Abydos is one of the oldest ancient Egyptian cities (3,100 – 332 BC), and is one of the most important archaeological sites in all of Egypt. Many ancient temples and tombs can be found there, offering a glimpse into ancient Egyptian history, the people who lived during those times, and the historical events that occurred. Abydos developed into a very important cult site in ancient Egypt, as eventually it became very desirable to be buried there. One of the most important sites in Abydos is the Temple of Seti I. Within this temple is a list of seventy-six Egyptian kings. This list has served as an important tool in piecing together ancient Egyptian history, and in identifying the rulers from that time.
Drawing of the cartouches in the Abydos King List. Wikipedia, CC
The list (sometimes referred to as the King Table) contains three rows of 38 cartouches. A cartouche is a type of oval border which indicates that the name within is the name of a king. This list gives the names of ancient Egyptian Kings in chronological order, and is the sole naming source of many of the kings from the Seventh and Eighth Dynasties. While the list is highly valuable due to the names it provides, it is not comprehensive, and highly favors the Memphite kings. Of the three rival kingdoms, Memphis, Thebes, and Herakleopolis, Memphite kings are highly favored in the list, none of the Herakleopolitan kings are included, and Theban kings were only included at a point after Memphis ceased to exist. Several Egyptian kings were omitted from the list, including Akhenaten (Amenhotep IV), Tutankhamun, Ay, Hatshepsut, and Meryneith. It is supposed these kings were considered illegitimate, and certainly in Hatshepsut’s case, there was an ancient attempt to scrub the records bare of her name and existence.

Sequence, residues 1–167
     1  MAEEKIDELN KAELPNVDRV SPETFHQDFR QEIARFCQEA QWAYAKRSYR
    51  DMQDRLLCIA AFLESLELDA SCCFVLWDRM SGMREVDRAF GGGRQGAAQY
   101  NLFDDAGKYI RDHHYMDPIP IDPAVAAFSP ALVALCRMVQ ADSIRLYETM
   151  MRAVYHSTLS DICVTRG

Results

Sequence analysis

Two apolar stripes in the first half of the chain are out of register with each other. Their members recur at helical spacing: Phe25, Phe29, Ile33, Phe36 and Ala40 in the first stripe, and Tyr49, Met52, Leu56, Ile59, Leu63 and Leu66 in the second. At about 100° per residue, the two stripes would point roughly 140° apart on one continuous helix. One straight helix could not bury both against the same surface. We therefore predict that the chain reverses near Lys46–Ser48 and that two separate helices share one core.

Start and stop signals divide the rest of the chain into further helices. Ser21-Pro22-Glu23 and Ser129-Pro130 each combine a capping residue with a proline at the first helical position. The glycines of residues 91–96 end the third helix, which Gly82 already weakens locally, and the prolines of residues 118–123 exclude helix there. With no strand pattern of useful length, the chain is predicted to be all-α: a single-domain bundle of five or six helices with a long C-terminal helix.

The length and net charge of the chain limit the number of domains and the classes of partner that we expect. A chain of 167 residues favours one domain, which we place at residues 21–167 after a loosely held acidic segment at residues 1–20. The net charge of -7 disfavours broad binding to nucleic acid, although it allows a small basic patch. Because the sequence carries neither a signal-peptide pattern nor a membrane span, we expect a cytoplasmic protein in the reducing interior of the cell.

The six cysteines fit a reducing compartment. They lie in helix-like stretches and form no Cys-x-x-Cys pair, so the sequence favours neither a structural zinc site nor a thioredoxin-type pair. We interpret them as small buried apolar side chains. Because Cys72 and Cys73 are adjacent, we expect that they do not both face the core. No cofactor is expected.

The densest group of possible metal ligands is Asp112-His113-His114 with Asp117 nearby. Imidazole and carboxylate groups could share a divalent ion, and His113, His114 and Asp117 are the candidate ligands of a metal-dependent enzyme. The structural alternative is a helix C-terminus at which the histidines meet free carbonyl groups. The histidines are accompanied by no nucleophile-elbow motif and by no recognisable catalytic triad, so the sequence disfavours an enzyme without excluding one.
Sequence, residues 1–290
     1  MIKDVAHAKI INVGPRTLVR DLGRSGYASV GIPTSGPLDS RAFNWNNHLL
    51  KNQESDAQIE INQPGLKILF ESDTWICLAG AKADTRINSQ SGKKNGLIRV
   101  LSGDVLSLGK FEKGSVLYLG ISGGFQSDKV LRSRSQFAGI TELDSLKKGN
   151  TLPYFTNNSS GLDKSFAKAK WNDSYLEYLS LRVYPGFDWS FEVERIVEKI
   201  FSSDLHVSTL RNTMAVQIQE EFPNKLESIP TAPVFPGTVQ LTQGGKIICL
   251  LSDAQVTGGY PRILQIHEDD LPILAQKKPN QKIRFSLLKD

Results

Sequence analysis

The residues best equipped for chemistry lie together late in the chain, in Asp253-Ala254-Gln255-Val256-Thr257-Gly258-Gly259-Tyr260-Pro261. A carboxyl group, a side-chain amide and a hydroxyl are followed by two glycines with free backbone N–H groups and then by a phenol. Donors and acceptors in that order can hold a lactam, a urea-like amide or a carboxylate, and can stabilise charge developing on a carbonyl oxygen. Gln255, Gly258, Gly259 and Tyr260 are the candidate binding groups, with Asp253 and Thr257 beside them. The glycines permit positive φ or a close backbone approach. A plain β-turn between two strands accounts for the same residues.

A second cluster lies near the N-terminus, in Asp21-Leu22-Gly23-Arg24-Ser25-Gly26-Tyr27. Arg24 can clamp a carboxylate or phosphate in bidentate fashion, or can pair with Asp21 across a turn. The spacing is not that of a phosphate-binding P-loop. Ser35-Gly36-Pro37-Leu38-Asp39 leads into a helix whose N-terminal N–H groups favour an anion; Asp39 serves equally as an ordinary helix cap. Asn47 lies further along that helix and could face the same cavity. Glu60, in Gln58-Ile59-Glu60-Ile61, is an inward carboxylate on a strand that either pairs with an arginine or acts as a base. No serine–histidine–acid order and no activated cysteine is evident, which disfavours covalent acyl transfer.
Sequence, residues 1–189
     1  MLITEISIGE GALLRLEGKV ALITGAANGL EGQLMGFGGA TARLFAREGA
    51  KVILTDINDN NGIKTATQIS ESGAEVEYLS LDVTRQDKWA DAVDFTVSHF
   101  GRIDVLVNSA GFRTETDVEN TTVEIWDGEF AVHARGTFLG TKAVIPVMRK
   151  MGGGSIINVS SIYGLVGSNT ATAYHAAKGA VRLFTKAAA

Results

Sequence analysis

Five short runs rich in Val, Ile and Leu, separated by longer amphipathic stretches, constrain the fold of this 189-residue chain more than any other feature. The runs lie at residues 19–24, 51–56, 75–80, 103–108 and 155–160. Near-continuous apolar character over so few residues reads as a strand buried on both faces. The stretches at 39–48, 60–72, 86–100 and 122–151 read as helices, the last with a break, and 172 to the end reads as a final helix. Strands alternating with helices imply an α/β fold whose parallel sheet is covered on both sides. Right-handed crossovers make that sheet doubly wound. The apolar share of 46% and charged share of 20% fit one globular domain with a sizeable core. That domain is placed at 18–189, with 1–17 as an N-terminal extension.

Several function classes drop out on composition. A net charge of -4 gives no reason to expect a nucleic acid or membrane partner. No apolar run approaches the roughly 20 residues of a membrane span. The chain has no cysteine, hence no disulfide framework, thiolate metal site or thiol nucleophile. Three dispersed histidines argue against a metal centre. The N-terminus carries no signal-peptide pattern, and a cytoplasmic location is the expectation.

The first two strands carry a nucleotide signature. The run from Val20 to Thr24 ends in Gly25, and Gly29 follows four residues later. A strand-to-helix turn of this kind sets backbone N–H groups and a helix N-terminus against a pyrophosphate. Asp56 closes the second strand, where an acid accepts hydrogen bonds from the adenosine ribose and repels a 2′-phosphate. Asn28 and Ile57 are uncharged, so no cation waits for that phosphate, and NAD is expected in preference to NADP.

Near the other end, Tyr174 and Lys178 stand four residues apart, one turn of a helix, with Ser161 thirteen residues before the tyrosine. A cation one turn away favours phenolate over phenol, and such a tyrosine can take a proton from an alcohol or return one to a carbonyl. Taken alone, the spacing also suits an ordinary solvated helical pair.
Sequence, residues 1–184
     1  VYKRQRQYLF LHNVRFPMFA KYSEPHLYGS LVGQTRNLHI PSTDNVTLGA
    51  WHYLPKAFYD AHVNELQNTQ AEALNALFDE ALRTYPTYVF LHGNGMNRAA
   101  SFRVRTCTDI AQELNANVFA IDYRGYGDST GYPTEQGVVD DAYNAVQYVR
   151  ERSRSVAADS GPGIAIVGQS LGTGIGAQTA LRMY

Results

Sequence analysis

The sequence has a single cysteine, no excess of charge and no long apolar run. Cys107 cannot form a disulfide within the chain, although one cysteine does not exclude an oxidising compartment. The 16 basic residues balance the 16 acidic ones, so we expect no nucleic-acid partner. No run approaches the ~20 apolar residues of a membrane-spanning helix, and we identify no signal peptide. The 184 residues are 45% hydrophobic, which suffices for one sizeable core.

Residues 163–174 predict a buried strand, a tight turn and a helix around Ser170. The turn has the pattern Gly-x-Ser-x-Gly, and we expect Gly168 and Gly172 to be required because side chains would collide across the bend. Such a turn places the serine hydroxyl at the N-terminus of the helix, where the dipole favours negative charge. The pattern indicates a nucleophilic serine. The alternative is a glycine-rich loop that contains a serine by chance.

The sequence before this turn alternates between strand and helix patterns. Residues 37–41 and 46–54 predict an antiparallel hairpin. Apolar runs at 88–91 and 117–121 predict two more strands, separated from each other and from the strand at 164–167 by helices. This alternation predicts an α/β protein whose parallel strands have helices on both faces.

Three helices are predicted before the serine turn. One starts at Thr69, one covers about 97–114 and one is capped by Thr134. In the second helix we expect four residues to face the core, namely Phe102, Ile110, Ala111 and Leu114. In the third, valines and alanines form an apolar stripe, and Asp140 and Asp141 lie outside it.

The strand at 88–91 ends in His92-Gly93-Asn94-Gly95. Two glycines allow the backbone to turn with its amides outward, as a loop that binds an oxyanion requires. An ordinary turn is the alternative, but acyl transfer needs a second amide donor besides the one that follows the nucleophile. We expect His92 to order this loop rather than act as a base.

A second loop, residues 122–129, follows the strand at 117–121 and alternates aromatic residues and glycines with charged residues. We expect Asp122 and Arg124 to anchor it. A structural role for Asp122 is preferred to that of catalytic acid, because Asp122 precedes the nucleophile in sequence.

The names contained on the Abydos King list are numerous – 76 in all – including more commonly known ones such as: Khufu, Sneferu, Amenhotep, and Seti.
Like many other lists detailing the history of a region as set by their leaders, the Abydos table is not a complete historical documentation, however, it does reflect the cultural situation at the time. Some scholars suggest the list, as set down by Seti I, was to represent the royal ancestors in a ritual, performed on their behalf. Seti I himself was not of royal lineage, and so to ensure his own legitimacy he may have constructed a grand temple worthy of the gods, and filled it with the names of legitimate ancestors. Despite his more common background, Seti was an important figure in Egyptian history. He strove to re-establish Egyptian sovereignty over Syria and the Levant in the aftermath of the disorder caused by Akhenaten’s religious reforms.The temple itself is cited by many as the most impressive religious structure still standing in Egypt. It did much to reassure the people of Egypt that the old gods were not forbidden, and it symbolized a return to tradition.
The façade of the temple of Seti I in Abydos, Egypt. Wikimedia, CC